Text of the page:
Among the latest, Telecommunications, Film and Video warns that "the film industry is not one which absorbs a large number of people every year", a statement which I think I'll have engraved on my careers room wall.
A similar series is Trotman's Questions and Answers - which at #163;3.50 each should allow you to build up a reasonable collection. These pocket-sized books give information in a user-friendly format. They cover a wide range of career areas, from Modelling through Environment to Complementary Medicine. They are an excellent starting point for discovering the answers to the most commonly asked questions - including "Could I become famous?"
Two further resources for the younger age-group deserve a mention: COIC publishes a series of Working In. . .(#163;5 each) books linked to the Careers Library Classification Index (CLCI) which are easy to read with lots of pictures.
For Year 9 classwork I can recommend the video-based resource package Working Options, produced by a consortium of careers professionals and businesses in the West Midlands (Dialogue #163;15). The photocopiable worksheets provide a very helpful springboard to group work.
The problems associated with arranging work experience in a world of diminishing placements do not stop with the sense of relief and triumph when you have placed all your pupils with an employer. The Complete Work Experience Pack by Ann Barlow and Margaret Finn (Hodder amp; Stoughton, JIIG-CAL #163;19.99) goes some way to help reduce the stress of organising it all. This photcopiable resource book takes you through the vital initial administrative preliminaries.
The first section deals with general issues about preparing for the world of work and includes self-assessment, understanding job advertisements and coping with application forms, letters, phone calls and interviews. There are some helpful examples of good practice. In part 2, key facts and problems are considered before a specific placement begins. The third part gives substantial help in compiling a work experience diary. It includes not only what students do but encourages them to observe working conditions and resources, as well as the opportunity to think about the role of trades unions and issues such as equal opportunities.
The last part offers a general debriefing with hints on how to write the thank you letter as well as asking students to consider how what they have learned will influence future decisions. This practical and well-presented pack should prove invaluable to busy careers teachers.
As well as the many general reference volumes for the 16-plus student, there is also a wide range of career specific books to choose from. Most careers advisers will go straight to the Trotman and CRAC catalogues, but I must mention Sarah Duncan's Guide to Careers in the Media and the companion Guide to Careers in the Performing Arts, both of which cover everything anyone could need to know about these popular career areas (Cheverell Press #163;25 each).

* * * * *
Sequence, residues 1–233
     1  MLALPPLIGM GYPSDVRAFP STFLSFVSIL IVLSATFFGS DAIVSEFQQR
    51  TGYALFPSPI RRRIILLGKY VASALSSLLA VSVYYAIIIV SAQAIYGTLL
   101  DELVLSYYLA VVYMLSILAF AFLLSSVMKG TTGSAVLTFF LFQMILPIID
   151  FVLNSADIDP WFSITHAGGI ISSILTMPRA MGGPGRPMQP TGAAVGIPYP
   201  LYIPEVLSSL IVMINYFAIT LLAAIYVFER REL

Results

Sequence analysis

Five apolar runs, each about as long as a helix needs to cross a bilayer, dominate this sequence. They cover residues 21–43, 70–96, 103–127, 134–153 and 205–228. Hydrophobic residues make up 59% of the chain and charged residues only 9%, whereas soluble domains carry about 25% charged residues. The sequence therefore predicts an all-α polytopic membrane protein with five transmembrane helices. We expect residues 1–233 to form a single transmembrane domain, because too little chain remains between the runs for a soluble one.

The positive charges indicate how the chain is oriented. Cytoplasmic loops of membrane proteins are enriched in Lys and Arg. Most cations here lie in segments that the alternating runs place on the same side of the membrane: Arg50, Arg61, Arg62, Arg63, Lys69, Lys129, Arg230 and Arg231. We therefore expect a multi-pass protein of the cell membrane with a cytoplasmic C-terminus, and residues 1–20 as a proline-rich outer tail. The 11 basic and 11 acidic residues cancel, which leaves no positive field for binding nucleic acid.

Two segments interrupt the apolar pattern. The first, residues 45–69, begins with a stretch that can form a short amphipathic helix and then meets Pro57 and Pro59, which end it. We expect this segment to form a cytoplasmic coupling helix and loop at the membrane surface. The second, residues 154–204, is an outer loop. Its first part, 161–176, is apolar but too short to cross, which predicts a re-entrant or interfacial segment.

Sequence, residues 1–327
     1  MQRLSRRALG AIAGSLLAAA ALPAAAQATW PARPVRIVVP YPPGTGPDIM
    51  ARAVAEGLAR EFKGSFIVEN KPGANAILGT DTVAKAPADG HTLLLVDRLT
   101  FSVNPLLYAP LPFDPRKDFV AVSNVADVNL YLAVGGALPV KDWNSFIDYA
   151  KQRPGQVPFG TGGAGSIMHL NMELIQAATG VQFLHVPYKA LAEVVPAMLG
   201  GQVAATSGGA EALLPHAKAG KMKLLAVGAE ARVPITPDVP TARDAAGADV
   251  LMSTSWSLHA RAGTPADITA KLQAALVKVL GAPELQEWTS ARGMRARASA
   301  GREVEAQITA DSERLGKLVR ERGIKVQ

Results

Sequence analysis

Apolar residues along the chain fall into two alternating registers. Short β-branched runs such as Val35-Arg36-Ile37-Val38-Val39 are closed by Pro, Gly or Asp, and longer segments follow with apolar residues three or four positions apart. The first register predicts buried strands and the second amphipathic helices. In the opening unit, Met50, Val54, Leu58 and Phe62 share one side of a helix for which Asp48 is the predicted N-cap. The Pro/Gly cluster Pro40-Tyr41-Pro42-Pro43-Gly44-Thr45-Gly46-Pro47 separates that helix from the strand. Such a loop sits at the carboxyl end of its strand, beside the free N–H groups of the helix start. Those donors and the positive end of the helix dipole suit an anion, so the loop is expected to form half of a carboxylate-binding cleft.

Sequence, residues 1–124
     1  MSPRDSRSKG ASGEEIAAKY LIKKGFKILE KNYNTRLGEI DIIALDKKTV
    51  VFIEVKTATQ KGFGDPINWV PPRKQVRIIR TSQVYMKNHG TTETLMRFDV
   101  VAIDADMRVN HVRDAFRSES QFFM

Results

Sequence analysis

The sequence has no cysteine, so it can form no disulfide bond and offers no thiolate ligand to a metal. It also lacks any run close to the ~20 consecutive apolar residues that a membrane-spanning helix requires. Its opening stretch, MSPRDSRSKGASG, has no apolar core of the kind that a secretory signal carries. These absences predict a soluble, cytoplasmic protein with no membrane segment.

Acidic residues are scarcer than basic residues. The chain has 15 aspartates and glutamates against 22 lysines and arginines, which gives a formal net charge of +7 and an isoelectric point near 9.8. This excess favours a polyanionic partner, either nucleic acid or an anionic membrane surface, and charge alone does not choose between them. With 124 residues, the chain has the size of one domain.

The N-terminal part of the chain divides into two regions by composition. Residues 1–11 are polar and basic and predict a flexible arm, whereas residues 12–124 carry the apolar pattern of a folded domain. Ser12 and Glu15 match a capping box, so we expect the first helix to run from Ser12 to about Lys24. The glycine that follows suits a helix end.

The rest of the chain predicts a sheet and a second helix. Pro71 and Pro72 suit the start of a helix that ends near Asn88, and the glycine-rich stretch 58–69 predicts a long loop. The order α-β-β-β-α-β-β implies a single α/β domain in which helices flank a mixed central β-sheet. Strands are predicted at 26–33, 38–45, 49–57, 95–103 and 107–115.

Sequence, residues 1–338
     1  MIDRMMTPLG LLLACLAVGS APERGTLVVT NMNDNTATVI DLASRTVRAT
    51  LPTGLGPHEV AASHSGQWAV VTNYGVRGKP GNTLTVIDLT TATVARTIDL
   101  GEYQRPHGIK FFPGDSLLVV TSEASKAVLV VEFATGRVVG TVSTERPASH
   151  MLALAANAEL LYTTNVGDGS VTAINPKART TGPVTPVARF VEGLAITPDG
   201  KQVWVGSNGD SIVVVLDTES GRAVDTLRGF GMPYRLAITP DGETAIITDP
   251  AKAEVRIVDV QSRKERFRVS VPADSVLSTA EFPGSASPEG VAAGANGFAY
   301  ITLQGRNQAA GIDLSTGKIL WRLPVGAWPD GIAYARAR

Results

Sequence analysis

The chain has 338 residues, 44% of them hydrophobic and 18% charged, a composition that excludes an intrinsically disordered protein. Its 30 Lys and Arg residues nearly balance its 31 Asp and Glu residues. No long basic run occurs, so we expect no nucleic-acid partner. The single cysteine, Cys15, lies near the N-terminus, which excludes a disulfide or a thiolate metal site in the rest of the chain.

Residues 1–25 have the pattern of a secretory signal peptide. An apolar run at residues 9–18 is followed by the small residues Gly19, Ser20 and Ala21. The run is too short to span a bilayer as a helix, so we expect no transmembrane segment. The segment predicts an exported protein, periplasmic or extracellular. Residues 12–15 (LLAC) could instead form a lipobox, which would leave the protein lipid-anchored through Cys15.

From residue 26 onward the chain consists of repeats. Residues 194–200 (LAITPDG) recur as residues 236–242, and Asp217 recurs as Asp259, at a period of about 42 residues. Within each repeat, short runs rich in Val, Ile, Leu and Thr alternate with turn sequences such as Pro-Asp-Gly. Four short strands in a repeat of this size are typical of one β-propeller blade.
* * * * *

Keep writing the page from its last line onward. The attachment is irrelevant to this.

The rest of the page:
Trotman's Getting into... series is a grown-up version of the Question and Answer books and are much used in my careers library. They cover most possibilities from getting into Australian universities to the city for aspiring stockbrokers.
For the student who wants to use languages in the future, present them with the Centre for Information on Language Teaching and Research's Guide to Languages and Careers (CILT #163;14.95). This helpful resource is divided into sections, dealing with questions such as which careers need a language, the courses available and how to combine languages with other subjects.
There is a valuable checklist at the end of each section and this book's ringbinder format makes it an easy-to-use and attractive addition to the careers library.
Although I prefer MAP for group work with Year 12, there is an argument for using a resource which takes someone from the 16-plus stage through to adult learning. Framework Press publishes Lifelong Activities by Kate Atkinson, Jean Bolton and Ruth Powell. As its title suggests, this is a photocopiable pack with worksheets which aim to stimulate discussions appropriat e to different stages. The philosophy is that we all need help and guidance on what we're doing whatever our age and this must surely become the accepted idea on which careers education and guidance should be based.
Bridget Patterson is head of sixth-form careers at Northgate High School, Ipswich
Cheverell Press Manor Studios, Manningford Abbots Pewsey, Wilts SN9 6HS
CILT 20 Bedfordbury, Covent Garden, London WC2N 4LB
COIC DFEE Moorfoot, Sheffield S1 4PQ
CRAC Sheraton House, Castle Park, Cambridge CB3 OAX
Dialogue 46 Avondale Road Wolverhampton WV6 0AJ
Framework Press 8 Broomhill Business Park, Broomhill Road, Tallaght, Dublin 24
Hodder amp; Stoughton 338 Euston Road, London NW1 3BH
Trotman 12 Hill Rise, Richmond, Surrey TW10 6UA
UCAS PO Box 67, Cheltenham, Gloucestershire GL50 3SF